I admit to being a rationalist, as far as possible…
It carries me through Bereshis and most of Shemos, until we get to Terumah Tezave…
My rational approach reaches its limits, as we read the forthcoming Parshiot of the Torah dealing with building material and utensils for the Mishkan.
Here – I must admit, there is something beyond (our) rational way of thinking. Why “spend” so much of the holy words of the Torah on matters which seem so “technical” and have no moral implications for us?
And so, I am (every year yet again) starting to admit that not only do we know that the Torah has an “upper chamber” which is much higher, mystical and Kabalistic, but that some of the Mitzvot, and specifically these concerning the Mishkan, its detail and design, can only be understood in that, “elevated” context.
Why would it matter what the colour of the Parochet was? Why would G-d have to instruct Moshe Rabeinu in such great detail, minute details of the fence surrounding the Mishkan?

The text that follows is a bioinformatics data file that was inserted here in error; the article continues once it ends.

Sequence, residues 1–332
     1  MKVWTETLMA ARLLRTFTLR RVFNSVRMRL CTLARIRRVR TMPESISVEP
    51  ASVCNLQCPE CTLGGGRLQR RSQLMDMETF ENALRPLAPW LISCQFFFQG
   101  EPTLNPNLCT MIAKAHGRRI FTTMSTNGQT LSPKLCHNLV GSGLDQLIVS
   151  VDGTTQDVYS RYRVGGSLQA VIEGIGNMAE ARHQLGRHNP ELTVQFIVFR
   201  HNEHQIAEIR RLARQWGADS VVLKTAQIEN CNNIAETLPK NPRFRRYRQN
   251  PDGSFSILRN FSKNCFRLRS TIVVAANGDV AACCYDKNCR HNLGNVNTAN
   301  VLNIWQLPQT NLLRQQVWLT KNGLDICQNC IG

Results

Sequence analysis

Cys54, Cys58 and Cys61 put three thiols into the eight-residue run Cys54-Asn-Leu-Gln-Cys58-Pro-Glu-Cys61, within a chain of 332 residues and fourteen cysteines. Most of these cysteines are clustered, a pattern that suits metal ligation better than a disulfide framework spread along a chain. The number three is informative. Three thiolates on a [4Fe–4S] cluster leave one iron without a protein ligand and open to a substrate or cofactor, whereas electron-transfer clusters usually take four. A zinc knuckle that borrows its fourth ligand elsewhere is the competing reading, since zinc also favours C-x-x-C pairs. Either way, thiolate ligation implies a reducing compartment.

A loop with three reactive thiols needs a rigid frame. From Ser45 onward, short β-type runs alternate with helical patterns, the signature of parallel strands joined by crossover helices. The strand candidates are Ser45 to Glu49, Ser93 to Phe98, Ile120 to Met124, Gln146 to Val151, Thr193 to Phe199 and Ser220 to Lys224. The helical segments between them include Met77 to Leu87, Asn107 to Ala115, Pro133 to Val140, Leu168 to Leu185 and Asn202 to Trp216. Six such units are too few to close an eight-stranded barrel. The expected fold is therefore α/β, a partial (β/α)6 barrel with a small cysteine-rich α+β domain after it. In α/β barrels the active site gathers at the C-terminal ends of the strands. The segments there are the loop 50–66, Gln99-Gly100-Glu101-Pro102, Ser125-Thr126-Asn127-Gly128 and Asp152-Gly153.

Obviously because – there must be a huge importance to it – to which we are not privy.
Here we rationalists have to silently accept that the holy Torah is not just a code book which differs from other legal books only because it was given to us by Hashem. The Torah is different in that it also includes many Mitzvot of which the rational is beyond our human understanding.
This becomes clearer as the Parsha goes into the details of the Menorah. Here, even Moshe Rabeinu had such difficulty in understanding the “Yesod” of the instruction that Hashem had to show him a “Menorah Shel Eish”, מְנוֹרָה שֶׁל אֵשׁ. Assuming that it was not a technical issue which Moshe Rabeinu was unable to grasp, this becomes an indication of the higher meaning attached to each detail, so much so that even Moshe Rabeinu, who has achieved such closeness to G-d, could not follow.
And so, I realise what may be obvious to others much earlier. Yes, G-d does want us to keep a very detailed moral code which covers an enormous part of our behaviour. But on top of this we find a higher level which some of us might merit understanding one day, but not just by using our rational tools.
And by the way – the word Teruma (does not only mean – donation, but it means “Higher” or “upper” – perhaps as an indication to this idea…
Rabbi Chaim Michael Biberfeld